Allstate Journal

Dow down, U.S. oil nears $47 post-China slide

Stocks are falling Monday after the Shanghai Composite plunged 8.5% and Europe benchmarks got hammered. The U.S. stock market is kicking off the new week on a rocky note as investors react to the biggest one-day stock plunge in mainland China since 2007 and a continued sell off in commodities. Other Asian markets were rattled — Japan’s Nikkei 225 index lost 1% while Hong Kong’s Hang Seng index dropped 3.1%.USA - Business - Dow Jones Sign

Investors were also cautious ahead of the Federal Reserve’s policy meeting later this week. In Europe, Germany’s DAX and the CAC 40 of France were clobbered, plunging 2.6% each. The FTSE of Britain ended down 1.1%. The stock rout in China raises fresh fears that the meltdown in the Chinese stock market — which has been fueled by speculative buying by individual investors with borrowed money — would exacerbate an economic slowdown already occurring in China.

Monday’s sharp sell off follows a warning from a big U.S. hedge fund last week that risks in China are rising due to the massive losses and what impact it would have on the psyche of investors there. The massive one-day drop in China comes despite a spate of steps taken by the Chinese government — such as halting trading in impacted companies and short selling, or bets that stocks will go down — to stabilize the market there.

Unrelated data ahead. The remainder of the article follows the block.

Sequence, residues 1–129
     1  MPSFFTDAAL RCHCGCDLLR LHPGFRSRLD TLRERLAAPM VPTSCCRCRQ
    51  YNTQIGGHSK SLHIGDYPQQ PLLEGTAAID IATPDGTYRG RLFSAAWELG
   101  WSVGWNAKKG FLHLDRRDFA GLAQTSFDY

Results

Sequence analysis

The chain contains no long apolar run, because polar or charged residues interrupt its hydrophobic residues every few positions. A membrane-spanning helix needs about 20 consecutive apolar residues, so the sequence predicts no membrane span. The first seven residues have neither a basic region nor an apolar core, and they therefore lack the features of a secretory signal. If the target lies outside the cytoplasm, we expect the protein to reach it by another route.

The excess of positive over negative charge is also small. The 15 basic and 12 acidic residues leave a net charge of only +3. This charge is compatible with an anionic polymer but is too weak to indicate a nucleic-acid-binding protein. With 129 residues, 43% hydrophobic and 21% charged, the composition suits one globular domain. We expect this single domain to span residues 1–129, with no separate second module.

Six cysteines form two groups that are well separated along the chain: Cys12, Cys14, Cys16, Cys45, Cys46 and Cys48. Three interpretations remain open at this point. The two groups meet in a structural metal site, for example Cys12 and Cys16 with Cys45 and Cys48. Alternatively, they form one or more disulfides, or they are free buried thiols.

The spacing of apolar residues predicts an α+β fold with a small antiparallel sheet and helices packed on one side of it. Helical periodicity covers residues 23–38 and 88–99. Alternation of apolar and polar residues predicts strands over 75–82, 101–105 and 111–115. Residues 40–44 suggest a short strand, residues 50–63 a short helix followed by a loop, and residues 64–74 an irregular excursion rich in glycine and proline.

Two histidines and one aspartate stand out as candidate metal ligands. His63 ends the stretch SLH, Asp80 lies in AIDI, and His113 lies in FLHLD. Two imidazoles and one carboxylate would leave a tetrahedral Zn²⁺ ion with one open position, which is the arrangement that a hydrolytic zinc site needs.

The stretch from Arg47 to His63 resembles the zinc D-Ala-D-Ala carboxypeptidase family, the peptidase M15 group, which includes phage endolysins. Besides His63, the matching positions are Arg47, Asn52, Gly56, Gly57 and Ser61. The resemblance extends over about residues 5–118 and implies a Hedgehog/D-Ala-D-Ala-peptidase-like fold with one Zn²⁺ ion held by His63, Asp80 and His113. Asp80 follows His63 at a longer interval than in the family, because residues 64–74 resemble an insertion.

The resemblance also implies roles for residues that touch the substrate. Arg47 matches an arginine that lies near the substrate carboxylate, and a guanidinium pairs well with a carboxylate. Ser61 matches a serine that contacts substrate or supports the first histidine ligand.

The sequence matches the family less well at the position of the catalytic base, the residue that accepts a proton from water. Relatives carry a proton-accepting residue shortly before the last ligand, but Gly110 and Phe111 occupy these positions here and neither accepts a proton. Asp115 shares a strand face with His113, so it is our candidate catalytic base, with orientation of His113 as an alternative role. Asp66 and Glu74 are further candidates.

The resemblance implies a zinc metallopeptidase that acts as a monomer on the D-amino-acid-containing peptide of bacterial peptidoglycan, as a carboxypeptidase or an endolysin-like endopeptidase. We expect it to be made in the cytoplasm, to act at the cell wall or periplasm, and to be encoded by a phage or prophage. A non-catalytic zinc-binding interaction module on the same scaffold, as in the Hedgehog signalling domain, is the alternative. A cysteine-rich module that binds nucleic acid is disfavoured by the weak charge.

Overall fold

Last week, the broad U.S. stock market fell 2.2% as U.S. investors reacted to a mixed bag of corporate earnings. While nearly three out of four companies in the Standard & Poor’s 500 stock index have topped forecasts, which is better than the long-term “beat” average of 63%, Wall Street punished stocks that failed to meet sales and revenue expectations. A rout in the commodity complex, due in part to fears of slowing growth in China, is also weighing on investor sentiment. A barrel of West Texas Intermediate crude, for example, was again trading below the key $50-per-barrel level in early trading today. U.S.-based crude was off 81 cents, or 1.7%, to $47.80.


February 2018
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